Response:  “Would you please go through that again?”

To my Friend:  the same explanation as above.

Friend’s Response:  “Could you repeat that please?”

And To my Husband:  “Wanna hear a funny story?”

I did not take pictures of the downed boxes but will snap the new lineup before this goes out (just in case we need it for the Sheriff if there ever is vandalism in Camelot).



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Beautiful Noche Good One

My niece lives in the city.

“How does your dog get exercise?”  I asked.

“We walk together and she is always on a leash,” said Judi.

I live in rural Virginia – in a place where the land stretches unbothered by human clutter for many acres, first over a sunny hillside and then through a forest primeval.  Bill keeps a wide swath open by clearing fallen trees and limbs and even mowing with his big tractor, where mowing is possible.

We once shared our home with other beloved critters who roamed this path, and Bill even built a little bench where we could sit and listen to the birds sing.  The critters (all the dogs and horses) lived long but have long since gone.  The last was Rozie the rescue dog we lost in October.

We are without critters now and missing them all, sometimes still crying.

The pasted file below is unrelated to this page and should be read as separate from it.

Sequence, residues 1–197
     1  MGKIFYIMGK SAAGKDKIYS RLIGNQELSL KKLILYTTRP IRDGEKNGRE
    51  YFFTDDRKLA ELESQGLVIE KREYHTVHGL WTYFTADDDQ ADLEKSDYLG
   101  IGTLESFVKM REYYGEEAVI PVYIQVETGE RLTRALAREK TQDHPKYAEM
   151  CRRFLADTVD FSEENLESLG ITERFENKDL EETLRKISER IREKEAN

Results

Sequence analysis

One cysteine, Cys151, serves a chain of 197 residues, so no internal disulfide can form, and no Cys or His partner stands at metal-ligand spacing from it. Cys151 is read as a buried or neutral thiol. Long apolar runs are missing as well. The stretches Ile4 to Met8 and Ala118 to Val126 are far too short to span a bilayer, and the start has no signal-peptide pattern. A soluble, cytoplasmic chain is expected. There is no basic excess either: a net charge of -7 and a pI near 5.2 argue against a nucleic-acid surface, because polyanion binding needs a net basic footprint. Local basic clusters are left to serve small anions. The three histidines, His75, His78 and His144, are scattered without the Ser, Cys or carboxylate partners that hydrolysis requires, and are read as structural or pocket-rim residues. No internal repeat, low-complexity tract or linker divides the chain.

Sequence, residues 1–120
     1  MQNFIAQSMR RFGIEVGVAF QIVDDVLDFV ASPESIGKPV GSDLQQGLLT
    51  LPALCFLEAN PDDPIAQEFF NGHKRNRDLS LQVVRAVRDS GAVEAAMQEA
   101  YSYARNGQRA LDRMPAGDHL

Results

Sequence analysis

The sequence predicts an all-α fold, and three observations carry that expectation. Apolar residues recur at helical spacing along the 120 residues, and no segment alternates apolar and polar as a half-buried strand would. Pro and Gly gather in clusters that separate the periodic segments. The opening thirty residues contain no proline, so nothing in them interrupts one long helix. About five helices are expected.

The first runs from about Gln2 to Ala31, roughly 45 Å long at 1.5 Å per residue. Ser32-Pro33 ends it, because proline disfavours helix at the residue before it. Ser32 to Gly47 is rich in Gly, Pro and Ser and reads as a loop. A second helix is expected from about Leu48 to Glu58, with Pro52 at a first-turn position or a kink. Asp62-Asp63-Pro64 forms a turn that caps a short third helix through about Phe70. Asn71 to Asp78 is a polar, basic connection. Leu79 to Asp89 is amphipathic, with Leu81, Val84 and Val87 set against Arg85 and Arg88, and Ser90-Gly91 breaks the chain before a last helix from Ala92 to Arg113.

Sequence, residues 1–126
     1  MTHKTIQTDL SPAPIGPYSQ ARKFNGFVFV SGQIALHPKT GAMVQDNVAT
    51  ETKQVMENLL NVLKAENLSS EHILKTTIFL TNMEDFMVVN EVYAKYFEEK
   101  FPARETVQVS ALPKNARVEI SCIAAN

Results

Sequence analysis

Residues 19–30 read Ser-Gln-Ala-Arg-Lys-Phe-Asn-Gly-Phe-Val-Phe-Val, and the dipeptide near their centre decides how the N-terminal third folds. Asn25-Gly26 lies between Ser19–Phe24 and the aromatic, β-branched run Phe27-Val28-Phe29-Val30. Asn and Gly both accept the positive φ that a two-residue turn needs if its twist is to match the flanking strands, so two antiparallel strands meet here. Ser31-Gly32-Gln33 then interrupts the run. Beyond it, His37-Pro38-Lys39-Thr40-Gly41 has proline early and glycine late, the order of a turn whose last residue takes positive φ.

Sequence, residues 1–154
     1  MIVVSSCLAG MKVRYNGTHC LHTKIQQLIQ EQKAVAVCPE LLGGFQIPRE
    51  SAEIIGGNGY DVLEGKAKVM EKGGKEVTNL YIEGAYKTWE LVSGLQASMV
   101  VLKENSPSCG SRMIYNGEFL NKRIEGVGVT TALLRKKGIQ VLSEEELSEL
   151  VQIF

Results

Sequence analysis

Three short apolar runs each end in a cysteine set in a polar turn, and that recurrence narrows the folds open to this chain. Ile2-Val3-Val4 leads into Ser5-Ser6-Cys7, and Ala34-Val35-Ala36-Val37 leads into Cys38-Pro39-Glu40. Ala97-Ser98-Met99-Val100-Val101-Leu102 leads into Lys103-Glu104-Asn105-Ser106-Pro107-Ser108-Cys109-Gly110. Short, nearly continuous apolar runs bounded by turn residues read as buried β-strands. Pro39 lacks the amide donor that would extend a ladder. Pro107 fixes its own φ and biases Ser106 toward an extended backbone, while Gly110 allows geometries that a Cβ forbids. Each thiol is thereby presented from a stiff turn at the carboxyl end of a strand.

Then Judi called.

She asked if we would consider taking care of her German Shepherd, Noche, for two weeks.

Of course Noche is here now!  And her first day walk was free!

No leash.  No collar.  No restraints.

The land, the forest, and the hill top were all hers!

And she ran high speed, body outstretched, like a jaguar in full gear,

And sprinted just far enough ahead to keep us in sight, then stopped and waited.

“Is this o.k.?” she seemed to ask.  “Why aren’t you running too?”

And off she would go again dashing, leaping, almost flying with an observable exuberance, bounding across the hillside and through the woods.  My laughter covered a kind of swelling irrepressible joy in my heart.  Her leaping and sprinting shouted a doggie cry of “Look at me!  I’m running free!”

Tonight Noche is relaxed snuggled up on her bed at the foot of my bed.  She is mellow after a good dinner.

Noche Abed 2

 I hope she knows that here lies safety, warmth and love.

 I hope she is reliving her adventure running wildly unleashed in a dream come true.

And I hope she thinks this is a doggie spa where tomorrow she can once again run free.

Am I dog sitting?

What do you think?

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The last few days have been bright and sunny with clear blue skies and a bracing nip in the air.

But I have not forgotten the first bite of winter just before,

when the world turned misty and the wild grasses leaned and the trees crackled stiffly,

and my once so friendly landscape turned bitter and cold.

Icy World in the Mist

Chilly Road Out